Business and life after COVID-19
Bharti Softland's Technology Research Lab
Our Research Team headed by our CEO - Alok Bharti predicted that after the corona virus global pandemic, world will not be the same.
Business and life after COVID-19 ( 5th MARCH 2020 )
WHERE WILL WE BE IN SIX MONTHS, A YEAR, TEN YEARS FROM NOW?
How our mindset about our work and life is going to change? How the way of doing business is going to change? How our socio-economic scenario will change? How about national or international politics? Is it the end of business travel and conferences? Will work from home will be a new reality? Will OK2GO will be the new normal for international travel? How we regard our privacy? Will cyberspace is the new normal for the future of work, play and everything in between?
Everything that could move online will move online
Education, health, shopping and entertainment will become more virtual. Collaborative tools will be cheaper, faster and with better quality. There will be better UX for conference calls, frictionless, distraction-free remote team collaboration. Thee will be better online learning techniques and tools like ZOOM will get more popularity.
Future of Work @HOME
Work from home will be new normal. People will look for dedicated home office space, maybe sound-proof, maybe with separate entrance. Productivity will be more important than just to sit on the laptop with internet connectivity. You will be more accountable. Home will be more empowered with platforms to connect, router, secure network and smart tools.
Business Travel and Conferences will lose it's cool
Companies will re-examine their employee's flying habits. Company and government will discourage to fly halfway across the earth for two days conference or work. Business Travel will not be an engine of commerce. In-person experience for all meetings will lose its cool. There may be a global agreement on the pre-screening of travellers by their home country. However, OK2GO will be standard flying norms.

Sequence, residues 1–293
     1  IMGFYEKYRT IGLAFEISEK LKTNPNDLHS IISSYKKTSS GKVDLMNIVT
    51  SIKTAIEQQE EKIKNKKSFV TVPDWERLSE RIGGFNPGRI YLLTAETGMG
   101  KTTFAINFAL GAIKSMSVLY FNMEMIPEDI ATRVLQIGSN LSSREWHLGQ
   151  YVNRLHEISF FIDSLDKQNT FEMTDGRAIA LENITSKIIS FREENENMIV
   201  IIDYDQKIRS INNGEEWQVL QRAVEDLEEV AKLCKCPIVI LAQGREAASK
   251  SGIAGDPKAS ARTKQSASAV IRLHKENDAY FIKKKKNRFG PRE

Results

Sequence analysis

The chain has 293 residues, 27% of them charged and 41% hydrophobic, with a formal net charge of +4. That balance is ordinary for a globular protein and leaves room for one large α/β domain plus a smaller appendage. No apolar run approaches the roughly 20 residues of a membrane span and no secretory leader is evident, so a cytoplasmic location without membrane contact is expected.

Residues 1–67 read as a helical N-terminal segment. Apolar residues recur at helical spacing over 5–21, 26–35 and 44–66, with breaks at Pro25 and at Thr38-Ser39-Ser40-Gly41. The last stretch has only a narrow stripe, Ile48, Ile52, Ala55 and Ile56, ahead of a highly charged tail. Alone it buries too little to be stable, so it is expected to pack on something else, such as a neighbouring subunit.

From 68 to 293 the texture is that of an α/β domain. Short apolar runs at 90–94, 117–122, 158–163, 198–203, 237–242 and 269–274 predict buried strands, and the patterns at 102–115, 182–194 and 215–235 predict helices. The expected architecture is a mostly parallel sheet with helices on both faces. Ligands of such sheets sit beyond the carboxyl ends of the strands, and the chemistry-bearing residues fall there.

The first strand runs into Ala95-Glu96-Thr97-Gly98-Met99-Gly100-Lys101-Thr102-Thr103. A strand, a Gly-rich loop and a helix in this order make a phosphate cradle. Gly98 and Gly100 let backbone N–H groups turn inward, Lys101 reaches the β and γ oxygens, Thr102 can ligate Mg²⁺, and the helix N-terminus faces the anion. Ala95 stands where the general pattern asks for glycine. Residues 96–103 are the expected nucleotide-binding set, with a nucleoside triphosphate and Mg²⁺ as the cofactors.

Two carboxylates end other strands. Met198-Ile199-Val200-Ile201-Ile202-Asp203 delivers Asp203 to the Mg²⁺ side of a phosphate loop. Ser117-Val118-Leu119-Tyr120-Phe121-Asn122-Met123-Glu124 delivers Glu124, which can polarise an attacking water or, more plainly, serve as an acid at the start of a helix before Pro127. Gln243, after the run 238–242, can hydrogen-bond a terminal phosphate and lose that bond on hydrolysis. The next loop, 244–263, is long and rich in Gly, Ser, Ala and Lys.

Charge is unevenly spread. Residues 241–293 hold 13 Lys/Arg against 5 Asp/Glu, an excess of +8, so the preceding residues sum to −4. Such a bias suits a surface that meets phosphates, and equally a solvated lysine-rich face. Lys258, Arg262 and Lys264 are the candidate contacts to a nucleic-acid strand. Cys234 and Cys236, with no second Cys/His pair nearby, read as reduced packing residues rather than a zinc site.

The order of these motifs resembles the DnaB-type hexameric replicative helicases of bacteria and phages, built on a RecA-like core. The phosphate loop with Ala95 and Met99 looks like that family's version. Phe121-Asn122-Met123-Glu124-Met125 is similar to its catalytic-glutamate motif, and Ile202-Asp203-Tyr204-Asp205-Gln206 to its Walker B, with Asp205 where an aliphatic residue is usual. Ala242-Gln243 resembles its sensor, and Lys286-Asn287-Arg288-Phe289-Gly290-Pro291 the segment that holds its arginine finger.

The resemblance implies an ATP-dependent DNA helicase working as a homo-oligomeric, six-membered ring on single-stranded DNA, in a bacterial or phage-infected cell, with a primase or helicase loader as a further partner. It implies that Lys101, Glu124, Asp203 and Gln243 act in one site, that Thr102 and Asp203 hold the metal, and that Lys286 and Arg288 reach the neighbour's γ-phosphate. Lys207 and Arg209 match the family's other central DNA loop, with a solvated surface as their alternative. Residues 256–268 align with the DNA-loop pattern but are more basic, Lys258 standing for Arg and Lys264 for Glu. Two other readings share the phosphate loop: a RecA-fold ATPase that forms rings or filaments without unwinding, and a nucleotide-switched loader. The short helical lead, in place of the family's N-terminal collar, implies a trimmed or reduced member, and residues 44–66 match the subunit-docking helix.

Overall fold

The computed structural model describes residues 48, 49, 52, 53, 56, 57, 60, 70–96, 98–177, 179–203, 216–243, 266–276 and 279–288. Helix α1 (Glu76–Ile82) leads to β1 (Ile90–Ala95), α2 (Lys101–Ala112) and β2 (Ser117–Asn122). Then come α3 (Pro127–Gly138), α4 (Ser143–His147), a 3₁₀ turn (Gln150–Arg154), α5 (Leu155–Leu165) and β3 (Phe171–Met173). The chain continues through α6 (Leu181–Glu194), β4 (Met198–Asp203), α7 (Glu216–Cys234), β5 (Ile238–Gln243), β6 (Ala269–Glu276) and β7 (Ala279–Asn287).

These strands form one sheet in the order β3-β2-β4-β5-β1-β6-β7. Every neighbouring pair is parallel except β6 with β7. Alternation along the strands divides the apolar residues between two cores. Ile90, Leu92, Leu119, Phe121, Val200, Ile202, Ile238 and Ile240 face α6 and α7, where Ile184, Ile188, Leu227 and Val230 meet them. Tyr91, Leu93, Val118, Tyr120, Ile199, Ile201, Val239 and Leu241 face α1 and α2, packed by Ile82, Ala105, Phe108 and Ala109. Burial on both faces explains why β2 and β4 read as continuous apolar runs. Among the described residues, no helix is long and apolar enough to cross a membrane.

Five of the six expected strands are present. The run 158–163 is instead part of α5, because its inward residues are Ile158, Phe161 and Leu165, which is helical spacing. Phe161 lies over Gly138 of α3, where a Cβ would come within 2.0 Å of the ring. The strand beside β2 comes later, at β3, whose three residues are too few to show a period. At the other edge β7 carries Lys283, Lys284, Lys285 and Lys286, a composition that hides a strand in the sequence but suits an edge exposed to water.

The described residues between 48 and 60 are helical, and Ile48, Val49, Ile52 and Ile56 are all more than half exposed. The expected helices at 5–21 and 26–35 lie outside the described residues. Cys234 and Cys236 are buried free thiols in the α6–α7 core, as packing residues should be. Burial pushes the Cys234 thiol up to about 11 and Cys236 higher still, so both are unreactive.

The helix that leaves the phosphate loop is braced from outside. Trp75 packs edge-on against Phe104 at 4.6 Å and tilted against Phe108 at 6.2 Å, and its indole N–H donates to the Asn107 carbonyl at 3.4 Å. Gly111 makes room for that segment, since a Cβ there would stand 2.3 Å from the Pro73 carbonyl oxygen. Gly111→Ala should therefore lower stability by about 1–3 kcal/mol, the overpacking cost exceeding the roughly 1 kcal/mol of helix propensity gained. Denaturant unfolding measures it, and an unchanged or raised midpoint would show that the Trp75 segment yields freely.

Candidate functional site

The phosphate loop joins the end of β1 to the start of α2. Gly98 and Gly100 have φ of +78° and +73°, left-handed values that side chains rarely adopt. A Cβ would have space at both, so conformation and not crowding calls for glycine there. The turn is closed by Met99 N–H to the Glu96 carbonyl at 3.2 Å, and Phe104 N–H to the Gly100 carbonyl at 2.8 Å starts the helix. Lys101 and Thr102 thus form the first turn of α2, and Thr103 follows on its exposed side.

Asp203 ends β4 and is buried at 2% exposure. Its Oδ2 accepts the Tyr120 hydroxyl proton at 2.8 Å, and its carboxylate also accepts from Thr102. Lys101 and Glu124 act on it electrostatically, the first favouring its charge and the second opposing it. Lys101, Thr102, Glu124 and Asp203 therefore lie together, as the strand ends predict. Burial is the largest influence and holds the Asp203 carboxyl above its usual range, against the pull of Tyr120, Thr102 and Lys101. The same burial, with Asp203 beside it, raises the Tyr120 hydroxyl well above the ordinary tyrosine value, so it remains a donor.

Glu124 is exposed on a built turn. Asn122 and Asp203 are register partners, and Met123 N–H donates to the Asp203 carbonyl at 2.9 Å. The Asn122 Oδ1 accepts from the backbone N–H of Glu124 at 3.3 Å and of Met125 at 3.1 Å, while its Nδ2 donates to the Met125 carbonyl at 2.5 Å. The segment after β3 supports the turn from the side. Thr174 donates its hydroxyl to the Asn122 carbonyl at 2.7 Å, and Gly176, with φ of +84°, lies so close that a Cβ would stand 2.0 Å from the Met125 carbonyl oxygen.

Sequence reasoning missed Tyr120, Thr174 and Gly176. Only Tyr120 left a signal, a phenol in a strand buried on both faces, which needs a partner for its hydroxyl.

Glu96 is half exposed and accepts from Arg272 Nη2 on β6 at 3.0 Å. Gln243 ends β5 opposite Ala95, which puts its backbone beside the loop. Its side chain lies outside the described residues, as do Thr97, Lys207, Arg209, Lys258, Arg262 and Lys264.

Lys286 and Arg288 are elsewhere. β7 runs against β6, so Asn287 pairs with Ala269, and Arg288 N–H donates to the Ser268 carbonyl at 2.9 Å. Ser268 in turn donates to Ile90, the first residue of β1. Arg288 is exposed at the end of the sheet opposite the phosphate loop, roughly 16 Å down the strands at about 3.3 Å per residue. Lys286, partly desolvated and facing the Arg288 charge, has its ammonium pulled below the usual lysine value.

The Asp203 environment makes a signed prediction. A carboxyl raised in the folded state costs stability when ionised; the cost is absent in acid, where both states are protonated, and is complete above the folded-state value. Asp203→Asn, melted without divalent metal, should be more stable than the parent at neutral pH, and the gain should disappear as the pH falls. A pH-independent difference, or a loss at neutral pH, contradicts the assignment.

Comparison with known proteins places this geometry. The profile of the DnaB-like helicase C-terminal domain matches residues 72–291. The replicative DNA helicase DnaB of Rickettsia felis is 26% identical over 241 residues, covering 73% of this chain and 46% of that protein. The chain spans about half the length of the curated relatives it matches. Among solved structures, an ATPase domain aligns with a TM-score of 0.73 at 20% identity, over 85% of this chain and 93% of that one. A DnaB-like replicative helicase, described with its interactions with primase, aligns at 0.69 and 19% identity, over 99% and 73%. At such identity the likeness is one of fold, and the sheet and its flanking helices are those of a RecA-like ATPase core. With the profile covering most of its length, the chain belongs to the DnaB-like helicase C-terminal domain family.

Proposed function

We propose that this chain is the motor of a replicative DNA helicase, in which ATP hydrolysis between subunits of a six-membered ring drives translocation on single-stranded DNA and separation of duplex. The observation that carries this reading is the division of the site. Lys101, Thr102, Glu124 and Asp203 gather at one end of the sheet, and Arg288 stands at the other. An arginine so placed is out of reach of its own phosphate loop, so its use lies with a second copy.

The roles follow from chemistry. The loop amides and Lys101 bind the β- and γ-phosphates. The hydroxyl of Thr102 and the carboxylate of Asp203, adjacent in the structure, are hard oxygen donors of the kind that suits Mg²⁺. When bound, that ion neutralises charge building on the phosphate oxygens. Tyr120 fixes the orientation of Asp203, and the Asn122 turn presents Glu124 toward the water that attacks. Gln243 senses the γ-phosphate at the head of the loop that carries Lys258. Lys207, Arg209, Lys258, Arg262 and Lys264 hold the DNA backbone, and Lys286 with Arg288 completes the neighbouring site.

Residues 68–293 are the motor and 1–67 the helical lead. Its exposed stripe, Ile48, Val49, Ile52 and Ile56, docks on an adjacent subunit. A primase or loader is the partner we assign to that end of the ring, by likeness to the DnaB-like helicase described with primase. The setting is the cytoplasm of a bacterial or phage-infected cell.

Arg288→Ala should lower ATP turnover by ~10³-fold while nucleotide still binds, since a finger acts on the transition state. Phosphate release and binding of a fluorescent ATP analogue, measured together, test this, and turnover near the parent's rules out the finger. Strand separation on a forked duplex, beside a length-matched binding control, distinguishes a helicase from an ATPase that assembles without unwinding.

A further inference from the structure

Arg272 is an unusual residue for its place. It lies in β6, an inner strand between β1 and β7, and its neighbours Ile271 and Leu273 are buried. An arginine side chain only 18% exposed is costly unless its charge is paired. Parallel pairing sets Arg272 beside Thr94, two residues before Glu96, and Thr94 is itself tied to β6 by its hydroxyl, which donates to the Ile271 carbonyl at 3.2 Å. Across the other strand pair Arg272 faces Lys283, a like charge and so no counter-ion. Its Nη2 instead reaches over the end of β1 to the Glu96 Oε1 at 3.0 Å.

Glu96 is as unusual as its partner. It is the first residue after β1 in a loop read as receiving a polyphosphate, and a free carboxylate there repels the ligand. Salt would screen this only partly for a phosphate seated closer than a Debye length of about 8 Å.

We are going to face a serious recession.
The economics of collapse is fairly straightforward. Businesses exist to make a profit. If they can’t produce, they can’t sell things. This means they won’t make profits, which means they are less able to employ you. Business will keep their employee for a short period time. But, if things start to look really bad, then they won’t keep them.
AI and Robotics will play a greater role
Efforts have been intensified to harness AI technologies to discover new drugs – either vaccine or treatment. AI is proving a useful tool for dramatically reducing the time needed to identify potential drug candidates, possibly saving years of research. Companies will go for plans to speed its adoption of AI and machine learning in a vast area of business. Note that a robot will not be ill. A variety of healthcare functions have already started to be performed by robots, from diagnosis to temperature monitoring.
Ubiquitous health screening - a new normal
Now each of us will be regarded as a threat and every one of us will be treated the same. To enter any building or space, just a taking flight to another country, people will be required by law to go through automatic health scan and can be turned away if they fail. OK2GO advanced AI-based clearance system linked with standard monitoring system will be a new normal.
The Birth of the Clean Regime
People, communities, societies and government will become more responsive towards cleaning due to fear of another pandemic. Government budget and strategies will focus on societal cleanliness as a matter of public health. Diligent, humanity driven hygiene practices will become an essential element of our daily routines and a crucial requirement of combating the threat of future outbreaks￼￼.
Earth and the environment will get a chance
The coronavirus pandemic is a wake-up call to stop exceeding the planet’s limits. Like COVID-19, climate change, biodiversity loss, and financial collapses do not observe national or even physical borders. Rather than simply reacting to disasters, we can use science to design economies that will mitigate the threats of climate change, biodiversity loss, and pandemics. We must start investing in what matters, by laying the foundation for a green, circular economy that is anchored in nature-based solutions and geared toward the public good.
Privacy takes back seat
Governments around the world began instituting health monitoring policies, leveraging GPS and other data on phones and watches and fitness band to halt the spread of the coronavirus. The long-term implications of a permanent surveillance infrastructure became apparent. COVID-19 crisis, surveillance sounded sensible, but the road to hell is paved with good intentions. In a post- virus age, are we finally going to see the true death of privacy?